McDonnell: Achieving a tough but fair Budget is not beyond us

Yesterday the Finance Minister, Simon Hamilton proposed his draft budget. Writing for Slugger the Leader of the SDLP, Alasdair McDonnell MP, argues that a tough budget need not be an unfair budget

This draft budget is a bad budget – one that puts political expediency above the needs of the people that it is supposed to serve. The trouble began with the DUP’s unilateral negotiation and Sinn Féin’s unilateral acceptance of a 100m loan from the Treasury. The SDLP opposed this at the time with our Minister at the Executive Mark H Durkan calling it a ‘ridiculous and irresponsible’ attempt to patch up an escalating budget. Unfortunately the SDLP were proved right because one of the conditions of the loan was that the Executive agree a draft Budget by the end of October. In a bid to meet the Treasury demands the Minister for Finance rushed through a draft budget with mere hours of consultation with Executive colleagues about the devastating cuts that were about to be imposed.

It is impossible to know what is more disappointing. A Finance Minister who at the behest of the Treasury ignored process and best practice to force this draft Budget through or the complete u-turn from Sinn Féin who not only capitulated to dogmatic Tory cuts but now appear to be dismissing the public consultation process by saying that this is the best deal that can be done.

We should never have been in this position. The SDLP voted against the Budget originally in 2011 because we knew that setting a budget for four years would not allow the Executive to respond and adapt to any changing economic circumstances. Not only did the Minister for Finance not take decisive action in the face of a looming economic crisis, he rushed through a Budget with no proper explanation of baselines, allocations or consideration for coming years. Not only was this budget not open or transparent, it is not strategic. A Budget for 2015-16 in isolation from anticipating the following years is not fiscally sound.

But the real reason that the SDLP Budget opposed this budget is that it is bad for jobs and workers, particularly those who live in the west. Let no one be of in any doubt. This is an anti-worker budget. Pay freezes and redundancies and impacts to jobs and services will hit the lowest paid hardest. Those families who are already struggling will now face even greater hardship.  This draft Budget enshrines regional imbalance. DETI is the only Department to get an increase in funding. You might think that this is a welcome move as DETI helps to attract investment and increase jobs. Yet experience has taught us that DETI focus investment in the East increasing the disadvantage in the west. If the Finance Minister were properly focused on job creation then further support should have been given to SMEs who are the biggest employer in the private sector. Yet this Budget will have a particular impact on SMEs and local regional jobs with cuts in the Department of the Environment affecting funding for de-rating and other Council grants that would support job creation. This Budget will also adversely affect those councils most in need of financial support – they will not be able to deliver services comparable with better off council areas.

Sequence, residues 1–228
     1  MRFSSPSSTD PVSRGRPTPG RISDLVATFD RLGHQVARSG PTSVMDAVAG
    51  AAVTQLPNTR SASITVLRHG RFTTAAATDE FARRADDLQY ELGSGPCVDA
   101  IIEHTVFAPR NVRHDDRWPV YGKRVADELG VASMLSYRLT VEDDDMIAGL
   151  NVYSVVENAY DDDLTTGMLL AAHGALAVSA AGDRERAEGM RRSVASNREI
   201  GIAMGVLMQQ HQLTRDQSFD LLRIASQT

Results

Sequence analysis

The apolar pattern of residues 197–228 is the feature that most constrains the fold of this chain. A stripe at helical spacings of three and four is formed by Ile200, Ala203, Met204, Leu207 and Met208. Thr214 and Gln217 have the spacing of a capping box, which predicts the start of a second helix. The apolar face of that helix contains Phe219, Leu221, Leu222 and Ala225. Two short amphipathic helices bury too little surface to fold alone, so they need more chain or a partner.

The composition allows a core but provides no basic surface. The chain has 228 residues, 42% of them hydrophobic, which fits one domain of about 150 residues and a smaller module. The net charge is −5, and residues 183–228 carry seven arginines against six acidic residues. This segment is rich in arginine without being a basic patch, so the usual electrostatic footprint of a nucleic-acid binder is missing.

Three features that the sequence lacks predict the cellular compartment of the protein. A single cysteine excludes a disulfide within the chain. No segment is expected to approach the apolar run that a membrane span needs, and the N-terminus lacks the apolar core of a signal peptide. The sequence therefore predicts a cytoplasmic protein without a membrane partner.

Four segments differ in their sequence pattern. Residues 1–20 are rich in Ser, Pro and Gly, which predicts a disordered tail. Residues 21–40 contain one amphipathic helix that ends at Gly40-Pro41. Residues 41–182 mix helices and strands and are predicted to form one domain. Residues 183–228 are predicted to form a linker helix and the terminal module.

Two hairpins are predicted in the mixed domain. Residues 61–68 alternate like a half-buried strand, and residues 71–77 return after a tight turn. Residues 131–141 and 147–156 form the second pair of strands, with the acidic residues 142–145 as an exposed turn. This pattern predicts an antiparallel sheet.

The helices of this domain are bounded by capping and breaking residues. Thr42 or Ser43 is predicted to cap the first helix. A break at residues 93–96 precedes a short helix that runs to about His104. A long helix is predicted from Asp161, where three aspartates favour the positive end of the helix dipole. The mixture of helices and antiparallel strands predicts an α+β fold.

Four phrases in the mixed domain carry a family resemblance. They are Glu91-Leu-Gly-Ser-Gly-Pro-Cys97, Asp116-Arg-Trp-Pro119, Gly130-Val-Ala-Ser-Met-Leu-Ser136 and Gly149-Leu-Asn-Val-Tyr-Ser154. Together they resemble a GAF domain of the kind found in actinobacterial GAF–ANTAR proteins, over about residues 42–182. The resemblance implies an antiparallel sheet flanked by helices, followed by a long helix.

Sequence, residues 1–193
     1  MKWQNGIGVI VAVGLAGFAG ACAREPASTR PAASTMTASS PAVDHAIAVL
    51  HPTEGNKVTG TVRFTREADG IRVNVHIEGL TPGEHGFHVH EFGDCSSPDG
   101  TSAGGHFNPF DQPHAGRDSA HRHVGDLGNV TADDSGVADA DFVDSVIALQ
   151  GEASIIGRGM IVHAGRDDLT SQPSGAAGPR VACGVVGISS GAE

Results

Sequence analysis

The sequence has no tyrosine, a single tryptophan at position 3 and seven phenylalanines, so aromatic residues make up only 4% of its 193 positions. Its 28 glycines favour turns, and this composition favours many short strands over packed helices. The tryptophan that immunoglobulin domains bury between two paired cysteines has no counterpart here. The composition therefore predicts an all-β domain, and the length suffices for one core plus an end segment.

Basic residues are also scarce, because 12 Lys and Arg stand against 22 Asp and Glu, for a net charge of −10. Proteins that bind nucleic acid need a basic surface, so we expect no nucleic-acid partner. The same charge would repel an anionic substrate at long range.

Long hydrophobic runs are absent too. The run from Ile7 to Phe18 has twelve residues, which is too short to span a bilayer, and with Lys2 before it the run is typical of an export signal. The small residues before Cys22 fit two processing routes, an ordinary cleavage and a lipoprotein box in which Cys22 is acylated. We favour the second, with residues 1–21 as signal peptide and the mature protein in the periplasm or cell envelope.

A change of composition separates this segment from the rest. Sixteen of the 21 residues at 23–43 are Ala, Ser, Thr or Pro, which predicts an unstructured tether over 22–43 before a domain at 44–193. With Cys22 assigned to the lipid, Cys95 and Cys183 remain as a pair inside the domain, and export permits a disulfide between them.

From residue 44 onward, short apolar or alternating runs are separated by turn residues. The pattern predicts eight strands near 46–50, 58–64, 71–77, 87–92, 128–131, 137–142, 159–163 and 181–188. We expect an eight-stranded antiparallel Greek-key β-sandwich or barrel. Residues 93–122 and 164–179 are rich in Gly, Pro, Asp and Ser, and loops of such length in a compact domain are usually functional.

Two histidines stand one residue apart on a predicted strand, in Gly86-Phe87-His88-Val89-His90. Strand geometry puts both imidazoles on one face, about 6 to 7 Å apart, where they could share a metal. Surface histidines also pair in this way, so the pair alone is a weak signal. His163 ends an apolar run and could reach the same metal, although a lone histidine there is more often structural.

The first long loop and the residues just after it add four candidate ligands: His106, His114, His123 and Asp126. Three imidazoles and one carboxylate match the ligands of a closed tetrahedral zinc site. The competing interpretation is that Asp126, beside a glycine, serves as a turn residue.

While the SDLP opposed this Budget we felt it was vital that it was put out to consultation. Today in the Assembly, Alban Maginness MLA asked Minister Hamilton why the consultation period had been shortened saying that people needed to see how savage the cuts actually are. People need to examine the detail to see the impact on their jobs and services for themselves.

The SDLP know all about the Budget pressures. We acknowledge the gravity of the financial situation we are in, even if we do not accept that getting here was inevitable. There are some positives in this Budget that we would like to see expanded upon including measures that the SDLP recommended in previous policy papers including proposals how Ministers deal with the budget processes and the use of zero-based budgeting; further investment in infrastructure by the leveraging of additional funding and further asset sales to raise much needed revenue. Central to this Budget, despite cuts, must be equity for lower paid workers and for the regions.

Achieving a tough but fair Budget is not beyond us. The SDLP will not walk away from that challenge. We believe that a better deal can be secured as part of the Talks process which is where the Budget should have been dealt with in greater detail.

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